Highlights from Higher Ed: Hurricanes and Joint Amicus Briefs

RJ Nichol
Oct 19, 2018

Hurricanes Hold High Schoolers Back — Again

In the aftermath of Hurricane Michael, high schools in the Florida Panhandle are struggling to figure out a way forward. While determinations have already been made regarding advancement and graduation for seniors, it’s uncertain how long underclassmen (your prospective students!) will be held up in their studies as at least 26,000 students are currently out of school with no confirmed date to return. Last year, Hurricane Irma had the same effect on students in Florida and Puerto Rico and earlier this fall Hurricane Florence had some South Carolina students out of school for weeks.

Source: Education Dive

MIT to Spend $1 Billion on New College

A new addition to MIT will cost $1 billion and focus on artificial intelligence (AI) and the challenges implementing AI can bring. The challenges organizations face when using AI include the ethical and philosophical outcomes of society affected by the technology and the breakdown of educational departments. This venture is a culmination of donations from sources, including $350 million from the chief executive of Blackstone. Classes will begin in the fall of 2019 with the new building opening in 2022.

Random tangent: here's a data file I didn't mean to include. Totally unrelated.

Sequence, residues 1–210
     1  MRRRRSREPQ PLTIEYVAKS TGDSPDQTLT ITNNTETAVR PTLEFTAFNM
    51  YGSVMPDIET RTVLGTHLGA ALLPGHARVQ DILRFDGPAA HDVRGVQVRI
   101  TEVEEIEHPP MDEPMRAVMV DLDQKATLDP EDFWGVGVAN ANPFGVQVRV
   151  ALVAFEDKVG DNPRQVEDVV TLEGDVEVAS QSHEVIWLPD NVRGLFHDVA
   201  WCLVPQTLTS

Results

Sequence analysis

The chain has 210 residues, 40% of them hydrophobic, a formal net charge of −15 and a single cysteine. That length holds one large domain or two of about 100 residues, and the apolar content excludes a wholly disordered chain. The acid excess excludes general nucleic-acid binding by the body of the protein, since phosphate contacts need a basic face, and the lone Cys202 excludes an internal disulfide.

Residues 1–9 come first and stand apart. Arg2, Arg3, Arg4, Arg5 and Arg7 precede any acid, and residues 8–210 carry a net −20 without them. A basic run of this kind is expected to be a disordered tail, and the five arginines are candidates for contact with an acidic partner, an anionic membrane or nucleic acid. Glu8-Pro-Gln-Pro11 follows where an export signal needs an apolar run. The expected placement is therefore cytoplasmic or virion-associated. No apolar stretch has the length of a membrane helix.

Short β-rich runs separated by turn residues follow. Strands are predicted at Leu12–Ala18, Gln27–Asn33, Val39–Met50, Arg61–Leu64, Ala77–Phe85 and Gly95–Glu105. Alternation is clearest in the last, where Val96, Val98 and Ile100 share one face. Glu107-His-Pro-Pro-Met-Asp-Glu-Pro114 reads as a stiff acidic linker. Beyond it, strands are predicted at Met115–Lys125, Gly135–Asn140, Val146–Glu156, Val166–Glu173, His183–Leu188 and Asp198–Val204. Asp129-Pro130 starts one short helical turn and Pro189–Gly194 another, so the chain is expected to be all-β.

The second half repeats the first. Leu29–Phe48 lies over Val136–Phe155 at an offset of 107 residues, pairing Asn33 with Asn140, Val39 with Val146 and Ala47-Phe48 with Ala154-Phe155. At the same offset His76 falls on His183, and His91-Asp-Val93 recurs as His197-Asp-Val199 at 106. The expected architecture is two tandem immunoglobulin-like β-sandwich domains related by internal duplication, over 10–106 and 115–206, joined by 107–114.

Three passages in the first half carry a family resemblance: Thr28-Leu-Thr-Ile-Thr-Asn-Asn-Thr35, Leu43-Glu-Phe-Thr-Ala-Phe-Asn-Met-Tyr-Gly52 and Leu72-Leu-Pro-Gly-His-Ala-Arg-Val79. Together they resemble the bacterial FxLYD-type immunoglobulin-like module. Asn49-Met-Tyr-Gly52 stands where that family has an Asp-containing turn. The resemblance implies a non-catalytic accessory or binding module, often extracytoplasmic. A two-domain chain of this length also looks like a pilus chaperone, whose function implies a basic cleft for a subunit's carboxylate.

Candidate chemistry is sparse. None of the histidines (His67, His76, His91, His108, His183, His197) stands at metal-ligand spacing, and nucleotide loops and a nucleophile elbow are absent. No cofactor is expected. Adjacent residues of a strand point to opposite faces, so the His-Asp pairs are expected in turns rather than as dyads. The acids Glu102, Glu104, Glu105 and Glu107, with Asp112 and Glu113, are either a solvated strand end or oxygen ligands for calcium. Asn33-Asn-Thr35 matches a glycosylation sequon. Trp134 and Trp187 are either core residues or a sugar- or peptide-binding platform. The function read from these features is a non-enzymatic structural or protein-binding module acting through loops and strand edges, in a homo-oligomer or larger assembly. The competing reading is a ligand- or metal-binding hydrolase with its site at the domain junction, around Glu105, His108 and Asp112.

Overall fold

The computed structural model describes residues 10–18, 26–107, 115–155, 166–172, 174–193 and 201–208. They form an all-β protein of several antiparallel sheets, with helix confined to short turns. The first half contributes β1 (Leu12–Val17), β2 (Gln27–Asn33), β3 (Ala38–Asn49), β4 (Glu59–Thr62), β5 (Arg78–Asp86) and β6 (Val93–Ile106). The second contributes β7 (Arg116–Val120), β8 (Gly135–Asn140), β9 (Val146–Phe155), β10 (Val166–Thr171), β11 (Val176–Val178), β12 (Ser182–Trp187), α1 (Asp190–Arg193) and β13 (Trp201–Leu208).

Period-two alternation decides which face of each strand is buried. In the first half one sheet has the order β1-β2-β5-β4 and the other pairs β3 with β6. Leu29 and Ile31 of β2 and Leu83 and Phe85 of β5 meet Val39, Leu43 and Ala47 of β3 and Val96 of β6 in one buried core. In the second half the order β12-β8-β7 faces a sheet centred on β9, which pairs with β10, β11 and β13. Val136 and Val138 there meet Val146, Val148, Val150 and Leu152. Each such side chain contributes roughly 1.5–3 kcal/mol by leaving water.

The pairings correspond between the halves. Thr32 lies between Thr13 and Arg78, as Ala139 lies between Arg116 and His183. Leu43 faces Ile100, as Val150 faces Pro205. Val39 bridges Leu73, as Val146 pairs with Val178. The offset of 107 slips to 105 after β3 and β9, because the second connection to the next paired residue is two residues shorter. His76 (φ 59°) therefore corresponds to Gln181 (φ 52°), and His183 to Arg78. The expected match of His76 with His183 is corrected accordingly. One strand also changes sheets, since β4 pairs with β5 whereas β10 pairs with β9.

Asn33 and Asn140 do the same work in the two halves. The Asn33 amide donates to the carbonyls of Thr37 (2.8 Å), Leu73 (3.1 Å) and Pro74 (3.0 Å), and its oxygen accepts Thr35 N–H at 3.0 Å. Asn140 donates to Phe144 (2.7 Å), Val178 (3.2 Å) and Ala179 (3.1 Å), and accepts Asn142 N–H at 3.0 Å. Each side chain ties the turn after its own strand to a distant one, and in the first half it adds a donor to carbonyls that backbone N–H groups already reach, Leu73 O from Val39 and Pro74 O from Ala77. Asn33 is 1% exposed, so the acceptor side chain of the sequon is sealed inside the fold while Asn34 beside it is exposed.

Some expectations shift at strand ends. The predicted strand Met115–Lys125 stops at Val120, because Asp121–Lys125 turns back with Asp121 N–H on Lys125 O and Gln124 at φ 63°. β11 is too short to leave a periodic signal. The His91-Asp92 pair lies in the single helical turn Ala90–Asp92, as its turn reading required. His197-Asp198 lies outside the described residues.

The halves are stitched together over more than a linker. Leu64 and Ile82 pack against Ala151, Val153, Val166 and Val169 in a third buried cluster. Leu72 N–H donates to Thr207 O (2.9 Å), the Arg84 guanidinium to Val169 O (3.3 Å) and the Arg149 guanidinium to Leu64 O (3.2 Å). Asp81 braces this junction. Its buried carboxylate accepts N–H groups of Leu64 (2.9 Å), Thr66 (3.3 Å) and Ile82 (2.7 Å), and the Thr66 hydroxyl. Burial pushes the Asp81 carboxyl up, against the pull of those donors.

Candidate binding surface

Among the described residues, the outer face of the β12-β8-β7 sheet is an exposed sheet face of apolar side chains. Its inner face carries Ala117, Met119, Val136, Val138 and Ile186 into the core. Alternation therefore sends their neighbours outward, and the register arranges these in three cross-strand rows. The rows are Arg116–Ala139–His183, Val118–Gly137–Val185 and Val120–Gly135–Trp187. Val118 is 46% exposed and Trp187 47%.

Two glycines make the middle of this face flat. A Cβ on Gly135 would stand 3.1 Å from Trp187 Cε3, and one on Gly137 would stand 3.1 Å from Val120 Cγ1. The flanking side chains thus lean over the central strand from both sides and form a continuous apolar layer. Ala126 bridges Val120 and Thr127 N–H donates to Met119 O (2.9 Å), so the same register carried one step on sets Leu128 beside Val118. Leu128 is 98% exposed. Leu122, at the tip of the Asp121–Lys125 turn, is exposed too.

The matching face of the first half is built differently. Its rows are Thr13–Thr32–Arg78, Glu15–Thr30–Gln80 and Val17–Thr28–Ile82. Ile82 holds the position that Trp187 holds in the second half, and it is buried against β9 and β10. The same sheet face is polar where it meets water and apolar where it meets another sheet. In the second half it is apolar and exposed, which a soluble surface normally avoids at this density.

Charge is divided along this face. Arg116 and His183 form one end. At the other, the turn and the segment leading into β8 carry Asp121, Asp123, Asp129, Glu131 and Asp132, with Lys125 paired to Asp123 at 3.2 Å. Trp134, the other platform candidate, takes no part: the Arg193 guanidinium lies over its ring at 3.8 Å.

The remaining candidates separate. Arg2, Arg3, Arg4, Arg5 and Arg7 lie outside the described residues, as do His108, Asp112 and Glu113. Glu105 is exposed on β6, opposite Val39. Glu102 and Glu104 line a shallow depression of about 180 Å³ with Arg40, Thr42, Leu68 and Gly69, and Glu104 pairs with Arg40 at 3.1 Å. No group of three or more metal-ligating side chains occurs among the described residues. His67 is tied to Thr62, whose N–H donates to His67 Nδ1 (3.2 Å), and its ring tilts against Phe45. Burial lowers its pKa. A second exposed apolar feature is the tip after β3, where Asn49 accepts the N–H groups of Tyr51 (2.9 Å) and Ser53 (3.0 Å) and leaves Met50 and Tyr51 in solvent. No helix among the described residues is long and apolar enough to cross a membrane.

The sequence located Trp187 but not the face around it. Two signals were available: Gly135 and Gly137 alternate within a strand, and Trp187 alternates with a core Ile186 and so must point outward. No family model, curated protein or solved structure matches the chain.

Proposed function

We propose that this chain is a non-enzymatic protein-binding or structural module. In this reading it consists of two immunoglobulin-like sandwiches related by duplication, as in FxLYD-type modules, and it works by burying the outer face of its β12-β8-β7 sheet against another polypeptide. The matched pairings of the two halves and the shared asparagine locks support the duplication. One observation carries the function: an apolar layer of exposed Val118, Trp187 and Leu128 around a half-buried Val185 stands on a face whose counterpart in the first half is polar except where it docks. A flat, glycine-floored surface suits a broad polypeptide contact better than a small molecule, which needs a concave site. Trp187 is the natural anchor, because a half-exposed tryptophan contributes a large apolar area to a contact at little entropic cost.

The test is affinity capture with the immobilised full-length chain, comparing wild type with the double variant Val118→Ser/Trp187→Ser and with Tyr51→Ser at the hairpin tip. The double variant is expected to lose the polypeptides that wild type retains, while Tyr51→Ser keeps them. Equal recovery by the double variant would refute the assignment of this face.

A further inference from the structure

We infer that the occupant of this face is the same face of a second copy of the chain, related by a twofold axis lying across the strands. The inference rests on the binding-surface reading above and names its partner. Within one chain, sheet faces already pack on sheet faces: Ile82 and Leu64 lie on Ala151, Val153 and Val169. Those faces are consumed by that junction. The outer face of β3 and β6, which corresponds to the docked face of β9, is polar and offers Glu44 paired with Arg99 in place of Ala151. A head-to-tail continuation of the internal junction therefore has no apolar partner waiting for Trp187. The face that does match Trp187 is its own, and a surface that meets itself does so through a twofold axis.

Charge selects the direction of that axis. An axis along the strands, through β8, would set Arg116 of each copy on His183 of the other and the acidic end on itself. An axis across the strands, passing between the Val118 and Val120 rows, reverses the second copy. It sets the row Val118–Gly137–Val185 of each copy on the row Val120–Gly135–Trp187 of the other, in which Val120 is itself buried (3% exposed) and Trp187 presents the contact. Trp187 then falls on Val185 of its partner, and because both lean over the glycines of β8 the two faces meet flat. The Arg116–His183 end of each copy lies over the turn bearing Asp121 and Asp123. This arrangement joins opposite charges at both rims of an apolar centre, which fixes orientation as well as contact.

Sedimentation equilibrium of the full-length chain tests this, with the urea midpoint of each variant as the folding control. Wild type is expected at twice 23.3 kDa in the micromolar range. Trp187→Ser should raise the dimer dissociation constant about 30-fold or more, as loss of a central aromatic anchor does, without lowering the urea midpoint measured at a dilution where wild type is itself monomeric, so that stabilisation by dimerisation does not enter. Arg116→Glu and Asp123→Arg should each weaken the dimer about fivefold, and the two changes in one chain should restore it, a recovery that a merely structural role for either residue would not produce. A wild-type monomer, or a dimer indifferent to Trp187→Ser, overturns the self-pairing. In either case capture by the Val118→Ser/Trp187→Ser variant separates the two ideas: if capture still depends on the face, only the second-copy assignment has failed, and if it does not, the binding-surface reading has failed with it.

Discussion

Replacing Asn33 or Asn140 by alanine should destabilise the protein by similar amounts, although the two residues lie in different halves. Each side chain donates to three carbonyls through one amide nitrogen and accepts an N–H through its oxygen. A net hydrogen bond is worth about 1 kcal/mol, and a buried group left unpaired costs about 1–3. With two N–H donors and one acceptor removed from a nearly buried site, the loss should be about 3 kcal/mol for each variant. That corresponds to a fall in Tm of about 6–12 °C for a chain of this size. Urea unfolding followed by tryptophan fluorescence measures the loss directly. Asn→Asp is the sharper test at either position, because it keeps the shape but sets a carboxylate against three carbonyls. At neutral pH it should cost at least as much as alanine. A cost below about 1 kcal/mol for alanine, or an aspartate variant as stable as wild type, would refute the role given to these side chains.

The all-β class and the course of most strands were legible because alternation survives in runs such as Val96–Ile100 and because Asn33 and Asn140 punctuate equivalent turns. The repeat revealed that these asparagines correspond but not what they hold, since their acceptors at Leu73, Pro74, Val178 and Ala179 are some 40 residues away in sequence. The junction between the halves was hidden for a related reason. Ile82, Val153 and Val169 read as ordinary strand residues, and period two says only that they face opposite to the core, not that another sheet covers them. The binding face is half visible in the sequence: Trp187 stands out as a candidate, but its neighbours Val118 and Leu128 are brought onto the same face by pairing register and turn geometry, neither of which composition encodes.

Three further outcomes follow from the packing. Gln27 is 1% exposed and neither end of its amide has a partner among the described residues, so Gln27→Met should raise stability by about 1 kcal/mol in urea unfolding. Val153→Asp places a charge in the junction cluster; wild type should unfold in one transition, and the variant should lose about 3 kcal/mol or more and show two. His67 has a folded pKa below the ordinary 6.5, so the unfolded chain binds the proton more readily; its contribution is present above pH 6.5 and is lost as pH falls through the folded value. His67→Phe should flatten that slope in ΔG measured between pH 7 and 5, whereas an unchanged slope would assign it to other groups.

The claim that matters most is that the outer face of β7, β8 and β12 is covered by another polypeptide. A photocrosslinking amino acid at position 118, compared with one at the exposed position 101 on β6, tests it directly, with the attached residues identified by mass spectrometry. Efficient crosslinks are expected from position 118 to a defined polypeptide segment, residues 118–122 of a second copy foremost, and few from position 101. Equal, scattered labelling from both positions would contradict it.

Source: The Chronicle of Higher Education

College Tuition Drops $10 This Year

The College Board released several bits of information this week, including the fact that tuition and fees at two- and four-year public colleges dropped 0.3%, or $10 this year. It’s the first year there has been a drop since 2008. Four-year public institutions saw the first drop since 1990, but private four-year institutions increased by 0.3%. Also released this week were ACT scores from last year and SAT scores are predicted to be released next week.

Source: Inside Higher Ed

Harvard Affirmative Action Trial Begins

The affirmative action and holistic admissions trial of the year began October 15th and promises to be a hot topic for quite a while. Harvard has been accused of putting a quota on the number of Asian-American students its admits and of holding these prospective students to a higher standard than other students. Other Ivy League schools have gathered to support Harvard by filing a joint amicus brief and the Asian-Americans who The New York Times spoke to about the issue are split, generally preferring not be used as a pawn in the country’s race relation debate.

Source: The New York Times

RJ Nichol

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